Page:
Poagao's Journal

Absolutely Not Your Monkey

Oct 11 2011

US trip, part XIII

I was glad I’d seen my parents on this trip. It was interesting, and I learned quite a bit about things, questions I’d stored up in my head to ask them when I had the chance….things like why we moved around so much, what various years before my birth were like, etc.

My parents drove me back to Norman, back to my sister’s house, in the late morning. We arrived. I was dropped off. My parents didn’t go inside. They drove away, and I have no idea when I’ll see them again.

My sister Leslie was taking me to a local shin-dig that evening, to be attended by her friends and their friends and whomever else showed up; we went to a store for snacks and stuff, and once again I was awed by the sheer, unadulterated embarrassment of riches that is the typical American grocery. Aisles and aisles containing 87 versions of everything you can think of. I don’t recall them being that way when I was a kid; I don’t even recall them being that way the last time I was in the states, just over a decade ago.

Lunch was burgers at Sonic with vanilla Dr. Pepper, though I couldn’t really taste the vanilla; it’s one kind of sugar mixed with another kind of sugar, and I just couldn’t taste the difference. Interestingly enough, the servers at Sonic don’t take tips, though it seems to me that they work harder than most waitstaff. We stopped by a liquor store in search of CC rye whiskey, and were directed to the whiskey aisle, and then the rye aisle, where we found more or less what we were looking for. Leslie was interested in trying my preferred drink comprised of rye and ginger ale.

Our gracious host Kim had just gotten off work when we arrived and still sported her “work hair”, which I thought was actually very cool, but she appeared later with regular hair which was also cool, and she’s such a cool person it didn’t make much of a difference. There were all kinds of food as well as a chocolate cake; the frosting bowl was in the sink, and I helped myself to several fingers of the delicious stuff, feeling like a particularly tall eight-year-old. People congregated on the back porch, beyond which stretched a comfortable, distinctly un-manicured lawn. Trains hooted in the distance as evening fell. I was asked many things by many people, and met a woman from Southern China who had brought egg rolls and many other dishes. One man emerged from the house wearing a small Nikon on a Black Rapid strap, but he took it off and put it on the table instead of taking any photos. I had the rabbit with me and took a few shots, but this vacation hadn’t really called for photography; I was seldom alone long enough in one place to get a feel for it, much less explore and take the shots I usually take. That’s ok, though; I’ve long felt that photos are always there if we need them.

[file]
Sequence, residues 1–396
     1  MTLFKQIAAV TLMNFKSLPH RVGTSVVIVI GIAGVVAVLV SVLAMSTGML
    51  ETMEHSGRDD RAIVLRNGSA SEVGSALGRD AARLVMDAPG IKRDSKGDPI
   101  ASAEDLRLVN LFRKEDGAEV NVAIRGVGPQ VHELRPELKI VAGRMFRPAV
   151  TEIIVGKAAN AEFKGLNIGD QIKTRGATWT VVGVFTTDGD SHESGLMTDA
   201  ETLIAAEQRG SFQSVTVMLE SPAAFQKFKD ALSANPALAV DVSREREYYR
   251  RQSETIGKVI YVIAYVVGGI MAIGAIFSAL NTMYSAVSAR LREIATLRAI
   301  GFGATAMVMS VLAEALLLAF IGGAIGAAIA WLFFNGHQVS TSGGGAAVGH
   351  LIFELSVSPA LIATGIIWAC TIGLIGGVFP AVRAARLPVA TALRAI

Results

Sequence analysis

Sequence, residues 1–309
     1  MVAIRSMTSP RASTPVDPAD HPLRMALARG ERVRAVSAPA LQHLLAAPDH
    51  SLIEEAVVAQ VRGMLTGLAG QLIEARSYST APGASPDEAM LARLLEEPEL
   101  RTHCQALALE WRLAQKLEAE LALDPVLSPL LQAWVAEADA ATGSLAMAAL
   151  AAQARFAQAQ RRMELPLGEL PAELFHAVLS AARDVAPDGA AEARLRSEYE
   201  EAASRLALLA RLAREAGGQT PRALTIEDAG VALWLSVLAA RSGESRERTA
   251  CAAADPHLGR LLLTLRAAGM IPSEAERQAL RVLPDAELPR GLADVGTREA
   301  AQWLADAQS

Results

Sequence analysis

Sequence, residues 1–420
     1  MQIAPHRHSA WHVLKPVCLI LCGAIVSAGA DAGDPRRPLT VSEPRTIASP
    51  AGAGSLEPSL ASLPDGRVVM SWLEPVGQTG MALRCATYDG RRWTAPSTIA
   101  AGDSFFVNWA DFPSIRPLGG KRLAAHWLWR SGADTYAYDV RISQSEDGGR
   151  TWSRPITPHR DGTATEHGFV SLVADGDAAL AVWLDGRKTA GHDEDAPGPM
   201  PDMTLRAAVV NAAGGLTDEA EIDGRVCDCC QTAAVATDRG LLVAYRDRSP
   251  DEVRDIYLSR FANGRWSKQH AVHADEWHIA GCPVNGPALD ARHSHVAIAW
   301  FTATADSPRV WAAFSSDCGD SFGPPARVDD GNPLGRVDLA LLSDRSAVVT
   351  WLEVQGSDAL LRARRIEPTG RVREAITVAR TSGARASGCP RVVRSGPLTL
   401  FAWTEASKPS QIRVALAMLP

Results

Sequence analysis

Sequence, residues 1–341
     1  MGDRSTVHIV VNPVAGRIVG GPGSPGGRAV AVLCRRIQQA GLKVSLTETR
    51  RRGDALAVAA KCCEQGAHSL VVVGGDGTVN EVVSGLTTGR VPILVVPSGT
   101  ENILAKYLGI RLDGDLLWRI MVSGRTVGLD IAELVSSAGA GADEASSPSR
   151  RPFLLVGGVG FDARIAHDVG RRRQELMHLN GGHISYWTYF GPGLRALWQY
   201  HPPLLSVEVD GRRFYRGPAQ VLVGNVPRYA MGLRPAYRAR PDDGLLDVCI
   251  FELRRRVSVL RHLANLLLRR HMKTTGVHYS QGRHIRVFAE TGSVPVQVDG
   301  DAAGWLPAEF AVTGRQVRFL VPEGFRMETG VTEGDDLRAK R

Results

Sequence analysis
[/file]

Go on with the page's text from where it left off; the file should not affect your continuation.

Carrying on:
One woman was asking a lot of financial questions about the Water Curtain Cave, which was a bit strange. Later I learned that she was a bit of a prude and would have loved to screwed with her a bit, but I didn’t know to do so at the time. Another couple who was known for their stories of adventure and daring-do in Taiwan failed to show, which was disappointing; I’d been looking forward to chatting with them.

The evening ended reluctantly; I was tired and had to get up early for my return to the other side of the planet, a day-long journey, but before I left Kim and her husband led me on a great round of 20-or-30 questions. My favorite books, movies, sci-fi series, superheroes, etc. It was great fun.

posted by Poagao at 4:57 pm  

1 Comment »

  1. We arrived. I was dropped off. My parents didn’t go inside. They drove away, and I have no idea when I’ll see them again.

    This left me feeling somehow desolate, TC. I hope that one day you can figure out a way to connect with them.

    Comment by sandy — October 13, 2011 @ 3:54 pm

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